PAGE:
I loved the commentary track so much I went out and bought other DVDs that featured Mankiewicz (Live and Let Die, for example--Mankiewicz wrote several of the early 70s Bond films), and his funny, humble, and self-effacing completely won me over. I considered even finding a way to contact him and writing a gushing fan letter, but for all the normal reasons, I didn't.

Now of course I'm sorry I didn't do that, because I'll never have the chance. Even if I had embarrassed myself, it would have been nice to let Mr. Mankiewicz know how much his work meant to me.

I originally thought of doing a portrait of him as a tribute, but that didn't seem like the kind of thing Mr. Mankiewicz would have wanted. So I decided to a portrait of his crowning achievement, Christopher Reeve as Superman. As I was finalizing it, I also decided to make it look slightly reminiscent of a movie trading card, hence the clipped background. Its no masterpiece or anything, but it was done with total admiration and respect and a joy to work on.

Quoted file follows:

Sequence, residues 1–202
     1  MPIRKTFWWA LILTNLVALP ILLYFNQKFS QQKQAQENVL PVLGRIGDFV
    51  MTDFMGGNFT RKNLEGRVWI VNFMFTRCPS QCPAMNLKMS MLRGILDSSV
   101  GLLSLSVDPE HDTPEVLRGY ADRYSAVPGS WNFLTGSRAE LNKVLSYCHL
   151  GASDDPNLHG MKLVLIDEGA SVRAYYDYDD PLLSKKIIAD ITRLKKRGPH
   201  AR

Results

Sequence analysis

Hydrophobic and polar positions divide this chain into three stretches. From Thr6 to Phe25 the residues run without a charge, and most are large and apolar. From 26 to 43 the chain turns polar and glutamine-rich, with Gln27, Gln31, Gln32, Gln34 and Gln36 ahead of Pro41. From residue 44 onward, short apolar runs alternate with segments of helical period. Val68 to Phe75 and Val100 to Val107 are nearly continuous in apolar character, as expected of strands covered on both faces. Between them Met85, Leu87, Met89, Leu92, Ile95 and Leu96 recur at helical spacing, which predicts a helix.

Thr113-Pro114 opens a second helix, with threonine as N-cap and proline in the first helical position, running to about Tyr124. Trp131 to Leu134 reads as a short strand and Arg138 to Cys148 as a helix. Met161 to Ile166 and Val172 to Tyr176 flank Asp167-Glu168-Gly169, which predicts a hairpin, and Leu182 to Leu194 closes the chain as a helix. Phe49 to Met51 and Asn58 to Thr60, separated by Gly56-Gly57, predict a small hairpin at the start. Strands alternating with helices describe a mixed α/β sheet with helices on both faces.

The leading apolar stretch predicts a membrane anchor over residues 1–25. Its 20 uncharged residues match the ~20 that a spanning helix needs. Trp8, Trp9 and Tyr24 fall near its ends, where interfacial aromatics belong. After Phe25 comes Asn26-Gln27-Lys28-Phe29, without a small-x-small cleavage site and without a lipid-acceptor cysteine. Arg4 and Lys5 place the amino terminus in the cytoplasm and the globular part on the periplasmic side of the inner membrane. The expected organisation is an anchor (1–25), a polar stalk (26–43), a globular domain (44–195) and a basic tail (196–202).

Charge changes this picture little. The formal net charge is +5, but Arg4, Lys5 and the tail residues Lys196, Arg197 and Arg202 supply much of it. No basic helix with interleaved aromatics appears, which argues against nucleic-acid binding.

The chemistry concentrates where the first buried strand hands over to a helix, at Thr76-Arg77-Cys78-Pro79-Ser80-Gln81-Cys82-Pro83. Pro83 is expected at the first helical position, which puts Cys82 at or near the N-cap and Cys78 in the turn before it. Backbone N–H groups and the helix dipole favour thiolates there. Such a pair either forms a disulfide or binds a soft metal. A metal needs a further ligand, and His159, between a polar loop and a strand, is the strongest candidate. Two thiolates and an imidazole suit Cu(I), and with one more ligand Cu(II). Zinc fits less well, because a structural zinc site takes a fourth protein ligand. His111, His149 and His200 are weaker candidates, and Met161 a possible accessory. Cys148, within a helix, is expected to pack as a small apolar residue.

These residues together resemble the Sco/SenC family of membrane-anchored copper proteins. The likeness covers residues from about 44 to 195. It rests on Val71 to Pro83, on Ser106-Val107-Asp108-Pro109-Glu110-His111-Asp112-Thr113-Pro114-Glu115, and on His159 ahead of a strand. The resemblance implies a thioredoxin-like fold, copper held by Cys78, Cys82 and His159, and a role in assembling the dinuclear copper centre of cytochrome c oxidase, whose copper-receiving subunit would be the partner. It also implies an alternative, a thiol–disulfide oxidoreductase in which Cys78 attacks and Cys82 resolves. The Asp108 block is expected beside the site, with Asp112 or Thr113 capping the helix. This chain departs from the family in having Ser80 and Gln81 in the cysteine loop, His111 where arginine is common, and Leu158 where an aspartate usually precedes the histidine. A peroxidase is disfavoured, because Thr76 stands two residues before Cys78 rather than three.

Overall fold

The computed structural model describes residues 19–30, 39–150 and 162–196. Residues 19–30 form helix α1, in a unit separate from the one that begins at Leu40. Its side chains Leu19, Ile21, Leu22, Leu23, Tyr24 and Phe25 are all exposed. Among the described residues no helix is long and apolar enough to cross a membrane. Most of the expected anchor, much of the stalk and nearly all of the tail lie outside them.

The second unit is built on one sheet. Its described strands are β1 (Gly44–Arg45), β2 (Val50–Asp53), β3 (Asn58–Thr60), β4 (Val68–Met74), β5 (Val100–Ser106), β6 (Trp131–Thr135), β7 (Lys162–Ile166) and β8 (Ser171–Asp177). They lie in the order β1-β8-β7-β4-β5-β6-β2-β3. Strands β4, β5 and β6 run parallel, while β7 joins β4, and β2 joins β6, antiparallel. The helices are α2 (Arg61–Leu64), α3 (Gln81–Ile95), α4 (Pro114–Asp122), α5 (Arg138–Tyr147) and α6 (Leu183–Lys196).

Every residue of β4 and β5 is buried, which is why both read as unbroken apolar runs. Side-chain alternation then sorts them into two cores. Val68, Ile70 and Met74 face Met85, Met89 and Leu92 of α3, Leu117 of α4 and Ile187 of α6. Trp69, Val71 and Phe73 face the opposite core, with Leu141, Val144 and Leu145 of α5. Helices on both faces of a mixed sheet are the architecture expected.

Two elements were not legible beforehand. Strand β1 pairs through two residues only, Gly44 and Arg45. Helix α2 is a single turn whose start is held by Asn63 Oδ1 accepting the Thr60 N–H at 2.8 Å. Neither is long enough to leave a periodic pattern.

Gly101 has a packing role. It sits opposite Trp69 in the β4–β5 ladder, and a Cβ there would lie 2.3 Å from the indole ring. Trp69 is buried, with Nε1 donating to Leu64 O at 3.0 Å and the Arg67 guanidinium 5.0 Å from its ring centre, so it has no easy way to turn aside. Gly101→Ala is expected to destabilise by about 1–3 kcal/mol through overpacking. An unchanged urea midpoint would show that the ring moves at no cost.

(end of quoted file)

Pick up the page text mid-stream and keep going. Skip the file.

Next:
Rest in peace, Tom Mankiewicz.

Friday, August 6, 2010

From The Vault: Sheepdog - 2003

This was one of a huge wave of animal portraits I did in 2003, old school: cut-paper, glue, and paint!

My style doesn't mesh well with cuddly animals, but I thought this one came out pretty well. I must not have been the only one who thought that, because I later sold it at a small art show where I had a lot of my animal stuff on display!

Wednesday, August 4, 2010

Torgny Sandren, Live in Concert

Last week, I got contacted by Torgny Sandgren, a musician in Sweden who liked my work and asked me to do a concert poster for him. Teh internets are amazing.